As I have discussed in several previous articles on the company, one of the biggest problems facing Pacific Drilling is the lack of contracts that it has across its seven ship fleet. This has resulted in the company being forced to expend money to maintain its rigs while not generating any revenue to offset them. Fortunately, this problem is starting to improve, although it still has a long way to go before it is completely solved. As was mentioned in the highlights, the Pacific Bora started work on its latest contract with a subsidiary of Italy's Eni (E) in Nigeria. This brings the total number of operating rigs up to three, which is better than what Pacific Drilling has had in many recent quarters.
Source: Pacific Drilling
It is likely old news to anyone following the industry that new contract dayrates remain suppressed. I discussed this myself in a recent article. We can see this quite clearly in the contract for the Pacific Bora as the rig only has a dayrate of $150,000. As might be expected, these low dayrates suppress the company's cash flows. In fact, in the past, Pacific Drilling would not have even been able to generate positive cash flow at a dayrate of $150,000, but fortunately it has responded to the sustained period of low dayrates by implementing a variety of cost-cutting measures across its operations. These cost-cutting measures have allowed the company to reduce its cash flow breakeven level to $110,000 per day. Thus, it is actually able to generate a positive operating cash flow off of this $150,000 per day contract, although it is nowhere close to what it had a few years ago.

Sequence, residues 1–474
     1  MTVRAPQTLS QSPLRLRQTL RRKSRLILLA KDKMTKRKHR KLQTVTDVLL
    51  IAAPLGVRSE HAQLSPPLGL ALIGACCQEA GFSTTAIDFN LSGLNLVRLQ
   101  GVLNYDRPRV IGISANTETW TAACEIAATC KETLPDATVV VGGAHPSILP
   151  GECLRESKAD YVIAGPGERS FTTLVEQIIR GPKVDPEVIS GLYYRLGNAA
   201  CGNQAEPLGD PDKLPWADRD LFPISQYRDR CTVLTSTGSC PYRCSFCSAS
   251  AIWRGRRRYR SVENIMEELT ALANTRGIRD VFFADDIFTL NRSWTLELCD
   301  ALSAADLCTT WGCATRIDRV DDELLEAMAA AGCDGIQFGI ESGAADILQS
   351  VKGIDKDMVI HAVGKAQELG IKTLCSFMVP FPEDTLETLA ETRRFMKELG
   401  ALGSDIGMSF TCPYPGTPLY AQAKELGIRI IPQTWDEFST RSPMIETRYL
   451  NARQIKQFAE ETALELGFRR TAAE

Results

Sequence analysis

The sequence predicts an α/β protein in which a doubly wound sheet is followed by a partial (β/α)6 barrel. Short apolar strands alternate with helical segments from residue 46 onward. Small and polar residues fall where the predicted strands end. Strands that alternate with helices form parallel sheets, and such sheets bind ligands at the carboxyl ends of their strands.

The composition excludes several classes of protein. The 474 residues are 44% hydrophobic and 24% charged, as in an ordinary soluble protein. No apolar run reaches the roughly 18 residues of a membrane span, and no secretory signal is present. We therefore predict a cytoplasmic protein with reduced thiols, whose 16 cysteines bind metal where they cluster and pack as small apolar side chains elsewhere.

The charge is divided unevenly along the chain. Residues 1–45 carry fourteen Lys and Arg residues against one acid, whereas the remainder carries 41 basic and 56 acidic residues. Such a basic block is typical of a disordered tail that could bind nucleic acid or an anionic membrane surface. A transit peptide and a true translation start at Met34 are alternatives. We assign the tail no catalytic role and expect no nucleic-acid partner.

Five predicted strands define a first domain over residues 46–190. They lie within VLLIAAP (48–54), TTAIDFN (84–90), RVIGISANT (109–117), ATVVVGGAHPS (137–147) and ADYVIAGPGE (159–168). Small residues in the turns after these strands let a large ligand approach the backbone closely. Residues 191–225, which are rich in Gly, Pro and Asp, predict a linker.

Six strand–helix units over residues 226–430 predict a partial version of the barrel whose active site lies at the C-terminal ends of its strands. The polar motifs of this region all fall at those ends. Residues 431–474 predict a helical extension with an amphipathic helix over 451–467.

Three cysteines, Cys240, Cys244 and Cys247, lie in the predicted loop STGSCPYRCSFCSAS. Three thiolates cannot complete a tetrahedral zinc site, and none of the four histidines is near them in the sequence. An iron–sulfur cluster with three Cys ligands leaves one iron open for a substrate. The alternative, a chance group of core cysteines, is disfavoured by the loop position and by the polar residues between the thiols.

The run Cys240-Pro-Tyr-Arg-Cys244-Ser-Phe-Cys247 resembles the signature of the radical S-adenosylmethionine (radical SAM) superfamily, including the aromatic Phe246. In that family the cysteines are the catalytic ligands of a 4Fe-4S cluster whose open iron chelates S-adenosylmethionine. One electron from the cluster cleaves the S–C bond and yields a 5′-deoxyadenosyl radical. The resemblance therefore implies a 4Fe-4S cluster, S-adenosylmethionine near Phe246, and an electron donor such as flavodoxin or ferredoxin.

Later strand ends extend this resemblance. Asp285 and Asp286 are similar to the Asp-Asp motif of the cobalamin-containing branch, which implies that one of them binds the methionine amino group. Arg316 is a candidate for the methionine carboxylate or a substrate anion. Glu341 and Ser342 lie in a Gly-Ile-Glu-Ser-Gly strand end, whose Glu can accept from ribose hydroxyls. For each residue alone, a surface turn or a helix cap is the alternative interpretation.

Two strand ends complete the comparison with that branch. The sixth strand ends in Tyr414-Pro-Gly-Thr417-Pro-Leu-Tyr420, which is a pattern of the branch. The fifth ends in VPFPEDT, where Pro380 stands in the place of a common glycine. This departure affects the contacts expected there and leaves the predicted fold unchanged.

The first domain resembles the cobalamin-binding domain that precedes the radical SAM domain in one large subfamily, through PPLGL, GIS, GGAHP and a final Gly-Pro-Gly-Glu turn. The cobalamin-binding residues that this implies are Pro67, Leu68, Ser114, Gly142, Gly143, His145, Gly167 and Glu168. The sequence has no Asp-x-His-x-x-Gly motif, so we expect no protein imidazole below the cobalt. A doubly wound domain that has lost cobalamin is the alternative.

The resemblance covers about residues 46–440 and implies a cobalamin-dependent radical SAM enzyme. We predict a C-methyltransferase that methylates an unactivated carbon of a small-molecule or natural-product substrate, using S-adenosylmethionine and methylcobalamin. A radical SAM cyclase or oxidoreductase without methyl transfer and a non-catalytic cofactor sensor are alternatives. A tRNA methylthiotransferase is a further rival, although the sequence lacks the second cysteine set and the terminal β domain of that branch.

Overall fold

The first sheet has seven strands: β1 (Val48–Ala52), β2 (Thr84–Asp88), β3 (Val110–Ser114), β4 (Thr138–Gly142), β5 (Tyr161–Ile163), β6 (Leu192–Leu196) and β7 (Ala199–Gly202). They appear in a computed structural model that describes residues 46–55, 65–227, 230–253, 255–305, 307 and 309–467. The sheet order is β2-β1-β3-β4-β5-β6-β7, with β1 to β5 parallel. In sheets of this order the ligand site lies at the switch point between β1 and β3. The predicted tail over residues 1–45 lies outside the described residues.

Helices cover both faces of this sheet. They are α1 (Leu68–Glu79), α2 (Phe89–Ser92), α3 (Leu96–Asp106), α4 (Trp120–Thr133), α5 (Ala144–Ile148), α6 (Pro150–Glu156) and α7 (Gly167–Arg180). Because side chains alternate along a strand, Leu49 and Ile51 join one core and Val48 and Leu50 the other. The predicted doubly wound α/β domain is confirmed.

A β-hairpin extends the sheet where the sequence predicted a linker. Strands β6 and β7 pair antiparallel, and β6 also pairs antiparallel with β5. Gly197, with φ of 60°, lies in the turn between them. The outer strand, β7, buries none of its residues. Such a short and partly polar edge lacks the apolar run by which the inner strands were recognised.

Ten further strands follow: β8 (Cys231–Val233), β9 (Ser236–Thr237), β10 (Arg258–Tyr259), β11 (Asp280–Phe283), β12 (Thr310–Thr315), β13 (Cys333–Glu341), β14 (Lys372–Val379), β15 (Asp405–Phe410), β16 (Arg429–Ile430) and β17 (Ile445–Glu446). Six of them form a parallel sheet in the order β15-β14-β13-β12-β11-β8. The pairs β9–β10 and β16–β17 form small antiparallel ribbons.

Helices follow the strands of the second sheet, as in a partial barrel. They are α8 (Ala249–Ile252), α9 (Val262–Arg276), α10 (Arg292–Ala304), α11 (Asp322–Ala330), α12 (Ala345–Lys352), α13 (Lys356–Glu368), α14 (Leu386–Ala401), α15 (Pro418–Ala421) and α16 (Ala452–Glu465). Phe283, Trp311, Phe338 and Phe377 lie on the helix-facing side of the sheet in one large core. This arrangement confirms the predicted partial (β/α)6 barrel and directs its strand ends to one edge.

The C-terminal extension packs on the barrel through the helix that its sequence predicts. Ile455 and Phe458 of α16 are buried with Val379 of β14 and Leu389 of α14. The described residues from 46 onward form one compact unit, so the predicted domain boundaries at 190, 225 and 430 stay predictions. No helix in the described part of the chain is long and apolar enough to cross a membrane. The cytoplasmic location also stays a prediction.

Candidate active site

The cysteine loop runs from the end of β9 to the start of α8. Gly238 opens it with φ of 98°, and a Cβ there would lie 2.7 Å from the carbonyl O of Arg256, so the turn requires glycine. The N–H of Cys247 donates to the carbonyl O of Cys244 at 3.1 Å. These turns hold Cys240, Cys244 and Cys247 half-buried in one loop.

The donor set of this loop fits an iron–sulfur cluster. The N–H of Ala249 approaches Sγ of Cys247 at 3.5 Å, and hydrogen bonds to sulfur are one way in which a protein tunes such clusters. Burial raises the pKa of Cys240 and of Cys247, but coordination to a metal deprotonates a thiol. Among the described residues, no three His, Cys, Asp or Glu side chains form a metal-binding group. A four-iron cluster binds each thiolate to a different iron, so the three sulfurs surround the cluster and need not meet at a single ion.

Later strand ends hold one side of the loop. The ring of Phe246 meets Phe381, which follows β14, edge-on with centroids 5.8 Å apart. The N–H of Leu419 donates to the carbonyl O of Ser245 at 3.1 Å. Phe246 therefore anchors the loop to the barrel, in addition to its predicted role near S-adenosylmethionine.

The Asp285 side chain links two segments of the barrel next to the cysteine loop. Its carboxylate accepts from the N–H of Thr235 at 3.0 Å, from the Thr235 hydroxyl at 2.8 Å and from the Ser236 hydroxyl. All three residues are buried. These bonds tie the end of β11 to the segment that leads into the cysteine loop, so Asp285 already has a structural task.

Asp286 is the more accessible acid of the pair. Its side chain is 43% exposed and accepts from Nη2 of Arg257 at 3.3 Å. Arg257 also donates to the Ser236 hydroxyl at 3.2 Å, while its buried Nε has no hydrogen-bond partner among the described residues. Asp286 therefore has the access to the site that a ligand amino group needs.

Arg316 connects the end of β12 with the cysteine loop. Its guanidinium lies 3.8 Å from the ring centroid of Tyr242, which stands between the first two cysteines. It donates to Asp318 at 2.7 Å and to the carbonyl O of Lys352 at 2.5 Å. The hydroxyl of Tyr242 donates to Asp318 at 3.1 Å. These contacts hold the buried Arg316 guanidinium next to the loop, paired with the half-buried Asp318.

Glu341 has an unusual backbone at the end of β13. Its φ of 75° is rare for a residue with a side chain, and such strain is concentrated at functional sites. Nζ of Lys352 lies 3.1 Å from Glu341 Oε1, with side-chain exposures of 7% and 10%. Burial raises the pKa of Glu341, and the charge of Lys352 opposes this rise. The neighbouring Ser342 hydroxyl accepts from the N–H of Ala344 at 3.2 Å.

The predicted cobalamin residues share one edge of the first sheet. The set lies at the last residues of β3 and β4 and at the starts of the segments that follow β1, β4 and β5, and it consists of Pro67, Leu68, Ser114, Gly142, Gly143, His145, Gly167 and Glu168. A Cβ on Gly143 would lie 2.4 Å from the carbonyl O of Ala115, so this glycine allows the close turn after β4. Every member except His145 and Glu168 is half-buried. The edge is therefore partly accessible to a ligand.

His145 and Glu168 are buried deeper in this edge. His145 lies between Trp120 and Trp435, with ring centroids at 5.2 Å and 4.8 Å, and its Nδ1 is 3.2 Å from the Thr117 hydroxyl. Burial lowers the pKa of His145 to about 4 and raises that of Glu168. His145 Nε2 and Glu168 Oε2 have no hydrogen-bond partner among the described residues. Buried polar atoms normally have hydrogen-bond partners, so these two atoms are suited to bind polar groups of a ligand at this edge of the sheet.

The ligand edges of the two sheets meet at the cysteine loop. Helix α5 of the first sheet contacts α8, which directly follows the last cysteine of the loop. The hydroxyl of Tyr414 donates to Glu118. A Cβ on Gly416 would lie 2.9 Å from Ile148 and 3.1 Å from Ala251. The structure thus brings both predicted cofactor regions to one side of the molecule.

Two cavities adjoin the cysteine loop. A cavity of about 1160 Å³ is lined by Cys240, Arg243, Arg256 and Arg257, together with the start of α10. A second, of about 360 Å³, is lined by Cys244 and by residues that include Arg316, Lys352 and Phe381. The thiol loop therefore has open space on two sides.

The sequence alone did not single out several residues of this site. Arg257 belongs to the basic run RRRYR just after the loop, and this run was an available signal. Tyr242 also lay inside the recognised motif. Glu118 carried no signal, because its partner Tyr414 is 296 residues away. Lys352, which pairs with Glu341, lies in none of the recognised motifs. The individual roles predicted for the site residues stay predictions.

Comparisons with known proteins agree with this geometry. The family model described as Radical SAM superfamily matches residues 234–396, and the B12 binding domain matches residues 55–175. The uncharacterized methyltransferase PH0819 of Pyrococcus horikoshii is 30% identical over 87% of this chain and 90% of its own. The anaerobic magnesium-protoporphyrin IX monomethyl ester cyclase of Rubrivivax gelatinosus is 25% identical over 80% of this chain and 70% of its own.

The company's fleet status report above also reveals another potential problem coming in the middle of next year. That is the conclusion of the contract for the Pacific Sharav, which is an older contract that boasts the kind of high margins that we saw earlier this decade. At $604,000 per day average revenue, this one contract is responsible for a significant portion of Pacific Drilling's total revenue. The offs that dayrates will stage a large enough recovery by next year to allow this rig to be resigned to a new contract at anywhere close to this contract are essentially non-existent. As we saw from Seadrill Partners' (NYSE:SDLP) West Capella contract, dayrates are most likely going to remain suppressed for quite some time. Thus, the company will almost certainly see its revenues and cash flow decline sharply when this contract terminates.